Your Estate Matters
How to give gifts to minors and not suffer because of it
MANY parents or grandparents may want to make gifts now for the future benefit of little ones.
Under current tax law, each of us can give up to $12,000 a year per person to those we want to gift -- without gift-tax concerns -- provided that the gift is immediately accessible to the recipient.
But there are special and practical concerns. First, minors lack the legal capacity to receive gifts. Second, minors often lack the maturity to manage money.
Here are three common ways to give money for the benefit of minors so that the gifts will qualify for the $12,000 yearly gift-tax exclusion:
» Gift under the state Transfer to Minors Act.
Under this act, you can make a gift to the custodian to hold the assets for the benefit of the minor until age 21.
At that time, the gift vests and the funds belong to the minor whether or not the minor is mature enough to handle the money wisely.
This is a fairly simple way to make a gift to a minor, but you need to consider that the recipient has total control of the funds at age 21.
» Gift under the a Section 2503(c) trust
With a Section 2503(c) trust (named after the part of the Internal Revenue Code allowing it), a gift is made to a trust for the benefit of one child only.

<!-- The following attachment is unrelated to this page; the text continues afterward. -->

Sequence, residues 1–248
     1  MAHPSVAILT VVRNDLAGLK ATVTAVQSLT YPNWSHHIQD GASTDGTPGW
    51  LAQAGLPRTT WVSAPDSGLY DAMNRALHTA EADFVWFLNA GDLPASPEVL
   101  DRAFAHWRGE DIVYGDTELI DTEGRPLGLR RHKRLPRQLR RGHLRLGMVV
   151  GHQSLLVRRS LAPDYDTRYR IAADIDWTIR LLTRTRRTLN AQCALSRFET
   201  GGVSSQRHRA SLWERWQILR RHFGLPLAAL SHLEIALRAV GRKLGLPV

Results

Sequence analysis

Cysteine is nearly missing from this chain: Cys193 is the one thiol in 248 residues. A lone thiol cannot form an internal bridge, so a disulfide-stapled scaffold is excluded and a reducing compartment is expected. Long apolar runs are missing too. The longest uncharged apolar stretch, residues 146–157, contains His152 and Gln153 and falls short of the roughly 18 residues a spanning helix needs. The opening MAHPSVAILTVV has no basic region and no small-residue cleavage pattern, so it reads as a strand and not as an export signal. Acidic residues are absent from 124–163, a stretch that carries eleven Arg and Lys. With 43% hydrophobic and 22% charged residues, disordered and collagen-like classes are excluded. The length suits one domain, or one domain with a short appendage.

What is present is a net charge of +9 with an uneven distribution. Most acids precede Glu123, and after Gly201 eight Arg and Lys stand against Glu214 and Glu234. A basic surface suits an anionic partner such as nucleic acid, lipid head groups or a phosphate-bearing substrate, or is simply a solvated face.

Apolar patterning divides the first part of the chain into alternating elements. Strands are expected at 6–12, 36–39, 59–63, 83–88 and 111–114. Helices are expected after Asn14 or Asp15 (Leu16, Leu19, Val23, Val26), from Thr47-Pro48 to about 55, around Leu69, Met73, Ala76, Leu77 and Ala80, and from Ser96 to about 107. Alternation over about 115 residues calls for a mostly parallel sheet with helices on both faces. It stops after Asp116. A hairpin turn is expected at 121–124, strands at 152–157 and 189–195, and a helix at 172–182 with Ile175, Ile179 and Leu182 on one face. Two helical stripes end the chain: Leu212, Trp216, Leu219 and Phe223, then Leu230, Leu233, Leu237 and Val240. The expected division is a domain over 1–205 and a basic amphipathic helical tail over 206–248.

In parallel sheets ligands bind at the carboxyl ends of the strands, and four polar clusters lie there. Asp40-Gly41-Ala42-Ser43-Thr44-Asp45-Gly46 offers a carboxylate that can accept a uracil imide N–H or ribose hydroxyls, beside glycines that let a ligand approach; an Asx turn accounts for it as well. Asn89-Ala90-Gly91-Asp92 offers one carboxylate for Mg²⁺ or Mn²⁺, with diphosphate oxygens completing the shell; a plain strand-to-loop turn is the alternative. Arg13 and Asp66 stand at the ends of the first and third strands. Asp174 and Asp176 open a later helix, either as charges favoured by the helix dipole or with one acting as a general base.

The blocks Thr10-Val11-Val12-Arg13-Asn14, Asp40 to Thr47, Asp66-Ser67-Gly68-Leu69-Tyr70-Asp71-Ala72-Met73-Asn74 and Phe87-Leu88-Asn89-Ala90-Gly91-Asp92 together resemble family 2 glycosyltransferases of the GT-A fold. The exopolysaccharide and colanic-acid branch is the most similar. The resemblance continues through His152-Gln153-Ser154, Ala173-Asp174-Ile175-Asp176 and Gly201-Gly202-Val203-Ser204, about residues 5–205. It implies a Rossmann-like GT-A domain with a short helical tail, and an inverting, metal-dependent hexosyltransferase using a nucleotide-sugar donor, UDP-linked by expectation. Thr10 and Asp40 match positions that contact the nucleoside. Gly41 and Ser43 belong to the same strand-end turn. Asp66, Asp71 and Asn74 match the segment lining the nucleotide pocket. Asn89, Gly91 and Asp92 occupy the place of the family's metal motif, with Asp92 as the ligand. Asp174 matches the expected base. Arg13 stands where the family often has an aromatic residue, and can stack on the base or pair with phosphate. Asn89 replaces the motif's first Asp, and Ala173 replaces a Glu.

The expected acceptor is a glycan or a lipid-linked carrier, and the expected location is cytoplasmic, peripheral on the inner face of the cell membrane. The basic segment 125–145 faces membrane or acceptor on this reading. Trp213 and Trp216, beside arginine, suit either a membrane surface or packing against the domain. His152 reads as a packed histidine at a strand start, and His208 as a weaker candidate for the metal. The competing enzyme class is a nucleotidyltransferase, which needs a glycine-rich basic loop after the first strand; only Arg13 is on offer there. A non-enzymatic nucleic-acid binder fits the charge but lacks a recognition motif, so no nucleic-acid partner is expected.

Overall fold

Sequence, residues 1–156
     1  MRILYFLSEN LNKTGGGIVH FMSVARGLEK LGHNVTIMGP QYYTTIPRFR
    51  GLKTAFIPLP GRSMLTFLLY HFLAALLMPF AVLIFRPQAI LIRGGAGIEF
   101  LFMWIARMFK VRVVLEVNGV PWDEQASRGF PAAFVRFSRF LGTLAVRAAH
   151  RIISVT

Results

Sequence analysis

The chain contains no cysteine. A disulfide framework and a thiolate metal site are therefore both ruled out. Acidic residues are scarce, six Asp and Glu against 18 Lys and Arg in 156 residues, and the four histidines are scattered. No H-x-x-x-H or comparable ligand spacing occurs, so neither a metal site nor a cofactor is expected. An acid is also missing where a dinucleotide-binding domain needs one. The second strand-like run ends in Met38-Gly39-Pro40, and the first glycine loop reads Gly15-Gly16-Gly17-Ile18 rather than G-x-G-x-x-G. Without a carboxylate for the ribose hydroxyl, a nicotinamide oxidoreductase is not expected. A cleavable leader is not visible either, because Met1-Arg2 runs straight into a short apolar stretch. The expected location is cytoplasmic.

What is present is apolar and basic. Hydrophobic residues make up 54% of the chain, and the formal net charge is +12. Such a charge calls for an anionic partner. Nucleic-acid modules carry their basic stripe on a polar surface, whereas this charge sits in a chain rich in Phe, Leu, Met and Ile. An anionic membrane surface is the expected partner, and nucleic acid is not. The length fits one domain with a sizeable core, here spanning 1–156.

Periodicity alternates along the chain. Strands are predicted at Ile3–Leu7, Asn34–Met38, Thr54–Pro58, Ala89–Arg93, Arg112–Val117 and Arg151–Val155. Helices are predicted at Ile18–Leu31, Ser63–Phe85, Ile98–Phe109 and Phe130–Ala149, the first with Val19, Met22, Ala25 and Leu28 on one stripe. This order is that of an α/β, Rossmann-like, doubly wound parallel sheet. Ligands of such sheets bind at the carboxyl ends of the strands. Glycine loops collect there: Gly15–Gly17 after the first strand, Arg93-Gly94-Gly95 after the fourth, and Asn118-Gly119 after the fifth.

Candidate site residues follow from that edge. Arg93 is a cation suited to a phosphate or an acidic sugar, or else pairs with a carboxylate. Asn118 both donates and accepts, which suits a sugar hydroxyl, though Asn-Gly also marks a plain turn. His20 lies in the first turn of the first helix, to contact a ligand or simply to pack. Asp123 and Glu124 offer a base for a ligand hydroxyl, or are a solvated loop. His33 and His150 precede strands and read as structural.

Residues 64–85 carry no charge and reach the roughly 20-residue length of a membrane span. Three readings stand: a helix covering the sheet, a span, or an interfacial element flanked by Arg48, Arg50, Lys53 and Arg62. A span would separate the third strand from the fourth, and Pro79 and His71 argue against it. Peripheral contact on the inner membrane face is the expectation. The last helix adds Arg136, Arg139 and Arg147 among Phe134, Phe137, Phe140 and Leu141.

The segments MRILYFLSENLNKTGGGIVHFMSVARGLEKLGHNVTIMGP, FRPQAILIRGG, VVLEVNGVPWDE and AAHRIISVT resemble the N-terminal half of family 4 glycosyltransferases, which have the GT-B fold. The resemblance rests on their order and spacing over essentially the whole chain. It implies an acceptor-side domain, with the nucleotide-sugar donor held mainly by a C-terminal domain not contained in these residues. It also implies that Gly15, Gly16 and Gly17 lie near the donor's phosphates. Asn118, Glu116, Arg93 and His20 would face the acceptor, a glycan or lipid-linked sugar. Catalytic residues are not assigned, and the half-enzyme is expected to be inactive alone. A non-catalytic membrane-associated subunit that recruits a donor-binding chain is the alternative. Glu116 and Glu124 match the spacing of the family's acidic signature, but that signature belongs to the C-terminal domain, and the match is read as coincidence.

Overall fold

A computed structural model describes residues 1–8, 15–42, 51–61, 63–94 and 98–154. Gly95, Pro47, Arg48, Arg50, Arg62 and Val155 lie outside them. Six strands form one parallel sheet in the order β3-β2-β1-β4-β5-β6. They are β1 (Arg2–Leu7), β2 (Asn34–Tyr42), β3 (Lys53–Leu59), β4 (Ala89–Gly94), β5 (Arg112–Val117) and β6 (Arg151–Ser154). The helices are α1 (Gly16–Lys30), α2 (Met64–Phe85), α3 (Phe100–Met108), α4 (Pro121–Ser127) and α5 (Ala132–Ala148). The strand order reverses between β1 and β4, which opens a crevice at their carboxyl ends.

The funds in the trust must be available for the child's needs while the child is still a minor.
Once the recipient reaches age 21, he or she must have an opportunity to withdraw the funds. This opportunity may be for a short time, and then the trust can continue, if the child does not withdraw the funds.
» Gift under a Crummey trust
A Crummey trust (named after a legal case pioneering the method) is another way to gift assets into a trust so that the $12,000 annual gift-tax exclusion will apply.
A major advantage of a trust of this type is that it can continue for the life of the child and even longer.
This trust is a good option for immature young people.
For the $12,000 exclusion to apply to a Crummey trust, the beneficiary, or his or her guardian, if the beneficiary is a minor, must have the right to withdraw the funds when contributed.
The withdrawal right may be limited to 30 days.
Another advantage of the Crummey trust is that it can have multiple beneficiaries. This allows you to "pool" money for the use of any beneficiary.
For example, if you used one Crummey trust for four beneficiaries, you could gift 4 X $12,000 = $48,000. If the trustee concluded that one beneficiary needed the entire $48,000, the funds could be used for that one beneficiary.
IF YOU want to make gifts to the minors in your family, think carefully about when you want them to be able to have unrestricted access to the funds. Young people can differ in their maturity and ability to handle money.
You may also have reasons for gifting differently to one or more children.
Before you give, have a frank discussion with your attorney. Gifting to minors using a trust may be the best solution and a powerful, flexible way to transfer assets to minors.
Attorneys Judith Lee Sterling and Michelle H. Tucker, of Sterling & Tucker, can be reached through www.sterlingandtucker.com
or by calling (808) 531-5391.